Like Bitcoin, no one controls or owns ETC it is an open-source project built by people around the world.
ETC was designed to be adaptable and flexible, with the goal of making it easy to create new applications on the Ethereum Classic platform
History of Ethereum Classic
In the early days of Ethereum, a hacker successfully stashed away $50 million worth of ether overnight, and almost got away with it.
Would the community stick to the principle that “code is the law,” in the case of the hardened smart contracts that ran the ecosystem, or would they make an exception to save the fledgling community and return the stolen ether to its rightful owners?
The debate ended in a hard fork. The result created Ethereum blockchain splintering off, taking almost the entire community along with it, and leaving behind the original core code and separate community.
The fork also reversed the transactions and returned the stolen funds to the original accounts. But those that stuck true to their “code is law” ethos remained with the original core code, known today as ETC.
The Ethereum Classic price is correlated to the rest of the cryptocurrency market, meaning as the value of some of the larger assets goes up or down, so does the Ethereum Classic price.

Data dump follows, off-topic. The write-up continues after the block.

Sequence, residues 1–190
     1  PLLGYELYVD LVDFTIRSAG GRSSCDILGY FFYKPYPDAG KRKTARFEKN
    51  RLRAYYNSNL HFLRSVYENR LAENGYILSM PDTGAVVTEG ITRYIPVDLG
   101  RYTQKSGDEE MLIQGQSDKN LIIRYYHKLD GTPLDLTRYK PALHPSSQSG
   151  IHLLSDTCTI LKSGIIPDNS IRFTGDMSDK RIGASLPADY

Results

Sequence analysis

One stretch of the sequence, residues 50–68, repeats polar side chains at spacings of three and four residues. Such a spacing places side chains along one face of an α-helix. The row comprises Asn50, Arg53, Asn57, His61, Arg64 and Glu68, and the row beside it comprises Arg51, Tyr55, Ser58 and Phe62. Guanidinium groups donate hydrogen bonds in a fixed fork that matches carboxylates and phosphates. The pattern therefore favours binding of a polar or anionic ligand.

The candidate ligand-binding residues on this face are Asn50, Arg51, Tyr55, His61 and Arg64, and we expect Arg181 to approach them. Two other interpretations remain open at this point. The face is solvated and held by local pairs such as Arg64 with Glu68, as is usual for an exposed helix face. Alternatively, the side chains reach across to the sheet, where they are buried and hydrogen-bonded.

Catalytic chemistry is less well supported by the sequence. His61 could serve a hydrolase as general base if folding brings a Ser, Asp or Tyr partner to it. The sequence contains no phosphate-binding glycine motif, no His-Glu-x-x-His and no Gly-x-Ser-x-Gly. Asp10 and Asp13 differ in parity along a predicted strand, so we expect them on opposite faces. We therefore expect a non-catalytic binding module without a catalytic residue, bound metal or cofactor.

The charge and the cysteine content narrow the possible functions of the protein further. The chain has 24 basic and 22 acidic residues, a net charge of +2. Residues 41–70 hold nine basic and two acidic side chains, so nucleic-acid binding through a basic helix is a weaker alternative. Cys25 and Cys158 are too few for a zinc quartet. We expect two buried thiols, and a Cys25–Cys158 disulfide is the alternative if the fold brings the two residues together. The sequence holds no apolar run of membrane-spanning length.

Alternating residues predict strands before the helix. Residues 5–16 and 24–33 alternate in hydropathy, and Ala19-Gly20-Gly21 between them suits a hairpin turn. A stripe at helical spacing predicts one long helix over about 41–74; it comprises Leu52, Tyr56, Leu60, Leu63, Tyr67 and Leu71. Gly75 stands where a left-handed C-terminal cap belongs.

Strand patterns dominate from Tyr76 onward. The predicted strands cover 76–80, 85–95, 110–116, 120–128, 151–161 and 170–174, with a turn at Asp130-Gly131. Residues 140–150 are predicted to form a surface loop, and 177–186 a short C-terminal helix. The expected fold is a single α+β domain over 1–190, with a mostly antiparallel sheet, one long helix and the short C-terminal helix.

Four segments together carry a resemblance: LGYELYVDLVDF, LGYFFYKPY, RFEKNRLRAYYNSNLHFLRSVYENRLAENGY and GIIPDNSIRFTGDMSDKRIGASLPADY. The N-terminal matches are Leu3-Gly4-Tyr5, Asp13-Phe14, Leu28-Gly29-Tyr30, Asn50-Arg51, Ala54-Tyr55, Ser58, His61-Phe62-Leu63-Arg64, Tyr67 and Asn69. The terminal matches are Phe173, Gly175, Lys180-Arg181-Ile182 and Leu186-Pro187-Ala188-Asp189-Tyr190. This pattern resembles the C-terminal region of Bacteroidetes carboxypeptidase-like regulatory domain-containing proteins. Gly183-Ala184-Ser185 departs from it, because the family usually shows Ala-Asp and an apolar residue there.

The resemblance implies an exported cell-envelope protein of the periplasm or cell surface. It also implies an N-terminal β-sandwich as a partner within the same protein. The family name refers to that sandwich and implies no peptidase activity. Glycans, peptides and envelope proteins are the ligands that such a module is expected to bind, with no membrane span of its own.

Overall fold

Currently, the ETC price is trading at less than ten percent of the price of Ethereum, although both the price of ETH and the price of ETC move independently.
Ethereum Classic assumes no hard fork occurred and is supported by those who believe in complete immutability of the blockchain.
How does Ethereum Classic (ETC) work?
ETC works just like Ethereum (although the price of Ethereum Classic and the price of Ethereum are drastically different).
It’s built on proof-of-work mining and smart contracts, but it doesn’t share compatibility or updates with the Ethereum (ETH) codebase.
This means that as Ethereum (ETH) transitions away from proof-of-work and into proof-of-stake, these updates will not necessarily take place with ETC unless the community develops them concurrently and independently.
ETC devotees claim there’s nothing to stop Ethereum (ETH) from implementing another hard fork if some other hack or corruption happens in the future.
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